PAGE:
The Queen has attended a service at Westminster Abbey to celebrate the 400th year of the King James translation of the Bible. The translation was ordered by James I in 1604 to help forge unity between religious factions. The Abbey event highlighted the book’s impact on English language and culture throughout the world. It also celebrated the “People’s Bible” – a hand-written version of the King James Bible completed by more than 22,000 people around Britain. As well as the Queen, who is Supreme Governor of the Church of England, the Duke of Edinburgh, and the Prince of Wales, who is patron of the King James Bible Trust, attended the service.

The King James Bible was the work of 54 scholars working in six translation committees – or companies – based in Oxford, Cambridge, and Westminster. The Archbishop of Canterbury, Dr Rowan Williams, said it was significant because it allowed people to think of their own experience in terms of biblical stories. In his address to the Abbey, Dr Williams said the King James version of the bible was a good translation because there was no attempt to smooth over the “stumbling” of the original.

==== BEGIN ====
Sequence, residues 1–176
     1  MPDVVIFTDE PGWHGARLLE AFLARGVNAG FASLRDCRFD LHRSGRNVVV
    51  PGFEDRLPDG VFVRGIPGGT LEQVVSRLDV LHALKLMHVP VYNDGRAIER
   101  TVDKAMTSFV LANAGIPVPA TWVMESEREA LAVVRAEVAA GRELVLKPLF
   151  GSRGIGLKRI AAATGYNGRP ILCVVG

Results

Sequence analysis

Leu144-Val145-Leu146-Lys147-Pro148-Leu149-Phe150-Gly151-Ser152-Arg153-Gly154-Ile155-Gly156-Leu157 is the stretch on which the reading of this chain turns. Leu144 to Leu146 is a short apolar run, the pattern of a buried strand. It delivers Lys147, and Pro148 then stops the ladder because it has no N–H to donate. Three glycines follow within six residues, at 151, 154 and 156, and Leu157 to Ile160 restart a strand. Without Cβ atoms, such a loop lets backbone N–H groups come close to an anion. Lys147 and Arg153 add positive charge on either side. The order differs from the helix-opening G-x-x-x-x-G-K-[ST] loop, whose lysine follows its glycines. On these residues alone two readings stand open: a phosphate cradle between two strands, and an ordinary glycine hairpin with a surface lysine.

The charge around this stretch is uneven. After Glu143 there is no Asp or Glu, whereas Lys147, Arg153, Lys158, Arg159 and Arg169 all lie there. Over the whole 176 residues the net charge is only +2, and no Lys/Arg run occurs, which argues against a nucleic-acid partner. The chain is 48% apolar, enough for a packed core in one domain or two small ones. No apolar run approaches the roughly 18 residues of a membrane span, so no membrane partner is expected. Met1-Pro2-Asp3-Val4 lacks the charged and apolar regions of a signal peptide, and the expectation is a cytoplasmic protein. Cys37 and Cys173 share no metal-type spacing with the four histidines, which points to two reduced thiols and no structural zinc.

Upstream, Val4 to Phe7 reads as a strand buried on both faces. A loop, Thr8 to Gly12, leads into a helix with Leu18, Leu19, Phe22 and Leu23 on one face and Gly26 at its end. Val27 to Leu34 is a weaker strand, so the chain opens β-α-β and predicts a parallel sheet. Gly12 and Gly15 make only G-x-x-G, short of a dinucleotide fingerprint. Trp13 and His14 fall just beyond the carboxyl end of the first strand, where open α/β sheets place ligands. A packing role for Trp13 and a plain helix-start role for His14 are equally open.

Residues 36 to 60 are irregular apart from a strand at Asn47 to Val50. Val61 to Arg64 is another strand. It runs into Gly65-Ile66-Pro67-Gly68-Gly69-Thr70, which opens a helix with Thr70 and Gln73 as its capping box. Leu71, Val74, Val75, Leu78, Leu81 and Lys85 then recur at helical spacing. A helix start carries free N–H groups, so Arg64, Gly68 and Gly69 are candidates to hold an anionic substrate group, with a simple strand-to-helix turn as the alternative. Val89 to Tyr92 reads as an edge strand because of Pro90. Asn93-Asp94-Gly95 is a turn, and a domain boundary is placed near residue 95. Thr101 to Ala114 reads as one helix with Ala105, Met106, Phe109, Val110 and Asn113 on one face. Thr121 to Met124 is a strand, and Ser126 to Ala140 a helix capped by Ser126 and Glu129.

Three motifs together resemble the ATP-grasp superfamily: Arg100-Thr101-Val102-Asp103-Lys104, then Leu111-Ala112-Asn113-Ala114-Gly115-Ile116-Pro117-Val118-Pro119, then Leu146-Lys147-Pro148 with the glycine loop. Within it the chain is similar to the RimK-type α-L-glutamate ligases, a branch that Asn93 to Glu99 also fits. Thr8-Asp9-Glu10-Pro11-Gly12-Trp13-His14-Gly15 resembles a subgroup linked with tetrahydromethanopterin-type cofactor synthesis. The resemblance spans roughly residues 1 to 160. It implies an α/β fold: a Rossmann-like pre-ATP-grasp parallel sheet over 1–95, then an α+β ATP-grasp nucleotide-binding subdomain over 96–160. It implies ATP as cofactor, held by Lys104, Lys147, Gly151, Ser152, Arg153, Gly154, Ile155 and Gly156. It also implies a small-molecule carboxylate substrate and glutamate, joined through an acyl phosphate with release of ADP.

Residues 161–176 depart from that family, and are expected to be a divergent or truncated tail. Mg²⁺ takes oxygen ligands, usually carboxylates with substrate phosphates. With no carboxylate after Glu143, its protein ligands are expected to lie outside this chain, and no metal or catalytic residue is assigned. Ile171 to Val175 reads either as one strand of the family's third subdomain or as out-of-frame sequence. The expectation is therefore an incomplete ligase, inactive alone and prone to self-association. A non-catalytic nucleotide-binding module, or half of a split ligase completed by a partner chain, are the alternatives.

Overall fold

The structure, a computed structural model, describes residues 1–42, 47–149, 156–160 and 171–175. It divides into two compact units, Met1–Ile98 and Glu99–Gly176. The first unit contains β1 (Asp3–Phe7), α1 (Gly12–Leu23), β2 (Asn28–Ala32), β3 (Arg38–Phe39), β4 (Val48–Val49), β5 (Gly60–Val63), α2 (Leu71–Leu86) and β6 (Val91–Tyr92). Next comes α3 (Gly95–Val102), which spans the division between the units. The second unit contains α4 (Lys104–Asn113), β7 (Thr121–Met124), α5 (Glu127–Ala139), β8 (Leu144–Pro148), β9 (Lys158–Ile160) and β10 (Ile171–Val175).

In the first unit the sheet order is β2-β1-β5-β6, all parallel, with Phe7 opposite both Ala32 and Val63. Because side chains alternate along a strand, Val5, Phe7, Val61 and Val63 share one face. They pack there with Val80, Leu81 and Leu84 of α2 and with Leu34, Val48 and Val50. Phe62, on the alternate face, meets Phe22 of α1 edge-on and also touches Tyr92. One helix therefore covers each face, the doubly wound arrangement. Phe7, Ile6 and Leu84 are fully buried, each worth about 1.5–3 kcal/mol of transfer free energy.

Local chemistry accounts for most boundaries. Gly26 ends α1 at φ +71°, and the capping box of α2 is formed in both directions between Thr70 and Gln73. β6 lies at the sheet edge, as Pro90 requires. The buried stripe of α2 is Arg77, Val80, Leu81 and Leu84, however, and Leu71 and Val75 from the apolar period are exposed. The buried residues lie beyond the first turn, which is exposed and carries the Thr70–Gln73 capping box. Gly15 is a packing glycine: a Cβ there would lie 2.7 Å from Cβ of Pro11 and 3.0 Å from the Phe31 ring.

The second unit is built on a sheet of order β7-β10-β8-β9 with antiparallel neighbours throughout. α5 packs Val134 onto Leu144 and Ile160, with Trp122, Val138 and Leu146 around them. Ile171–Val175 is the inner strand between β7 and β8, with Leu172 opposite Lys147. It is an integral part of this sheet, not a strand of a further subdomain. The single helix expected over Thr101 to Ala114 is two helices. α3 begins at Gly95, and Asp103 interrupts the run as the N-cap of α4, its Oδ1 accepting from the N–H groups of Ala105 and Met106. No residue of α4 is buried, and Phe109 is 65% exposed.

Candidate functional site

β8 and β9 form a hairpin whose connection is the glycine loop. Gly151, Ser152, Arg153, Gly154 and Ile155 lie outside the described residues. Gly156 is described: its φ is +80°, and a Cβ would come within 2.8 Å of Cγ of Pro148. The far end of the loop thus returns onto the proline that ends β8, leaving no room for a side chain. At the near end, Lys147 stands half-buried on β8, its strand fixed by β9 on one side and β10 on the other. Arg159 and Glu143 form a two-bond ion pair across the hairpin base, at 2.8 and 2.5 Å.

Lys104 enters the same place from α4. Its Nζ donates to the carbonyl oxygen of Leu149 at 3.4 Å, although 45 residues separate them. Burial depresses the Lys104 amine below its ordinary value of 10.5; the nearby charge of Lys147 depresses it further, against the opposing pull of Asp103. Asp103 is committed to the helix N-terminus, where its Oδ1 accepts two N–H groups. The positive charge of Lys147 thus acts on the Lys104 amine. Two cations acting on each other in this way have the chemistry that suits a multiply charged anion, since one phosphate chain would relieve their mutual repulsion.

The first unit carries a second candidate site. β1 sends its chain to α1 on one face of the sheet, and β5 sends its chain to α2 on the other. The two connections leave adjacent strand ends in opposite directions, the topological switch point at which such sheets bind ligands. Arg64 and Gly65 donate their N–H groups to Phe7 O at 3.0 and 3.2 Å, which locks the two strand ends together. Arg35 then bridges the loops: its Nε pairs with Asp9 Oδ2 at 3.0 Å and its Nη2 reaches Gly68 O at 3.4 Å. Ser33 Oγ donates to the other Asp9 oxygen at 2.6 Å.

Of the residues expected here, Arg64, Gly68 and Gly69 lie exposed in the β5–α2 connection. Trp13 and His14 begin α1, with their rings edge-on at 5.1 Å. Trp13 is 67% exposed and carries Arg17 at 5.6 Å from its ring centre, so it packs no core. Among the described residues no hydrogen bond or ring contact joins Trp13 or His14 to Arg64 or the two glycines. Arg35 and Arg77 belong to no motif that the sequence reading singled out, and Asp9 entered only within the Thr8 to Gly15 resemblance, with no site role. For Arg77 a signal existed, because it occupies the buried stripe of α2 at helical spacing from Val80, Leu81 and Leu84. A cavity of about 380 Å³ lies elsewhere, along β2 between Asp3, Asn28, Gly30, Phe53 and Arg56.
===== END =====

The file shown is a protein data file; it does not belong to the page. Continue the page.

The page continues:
He told the congregation: “The 1611 translators never let us down in this, never seek to make it easy. It is one of the things that gives this version its abiding importance. It remains an invitation to work, to open up our own language to this weight of presence and gift.”

Expressions from the King James Bible such as “the powers that be”, “the apple of his eye”, “signs of the times” and a “law unto themselves” are still part of the English language.”

Speaking before the service, the Dean of Westminster, the Very Reverend Dr John Hall, said the Bible’s impact was not immediately recognised: “It took some time to establish itself. It wasn’t really till the reign of Charles the First that it became universally used. But for the 350 years, certainly till about 50 years ago, it was the only translation of the Bible that everyone who spoke English knew. And it’s been the biggest-selling book in history.”

A bound copy of the Book of Genesis from the People’s Bible was presented at the altar during the Westminster Abbey service. The first two verses of the Bible have been hand-written by the Prince of Wales with others completed by people including Prime Minister David Cameron, actors Timothy West and Prunella Scales and the comedian and broadcaster Frank Skinner. People in more than 200 towns across Britain – from the Orkney Islands to the Isle of Man, and Jersey, Whitby, Swansea and Wrexham – took part in the project. In London those taking part in the Occupy London protest outside St Paul’s Cathedral were also invited to write some verses.

Source: BBC News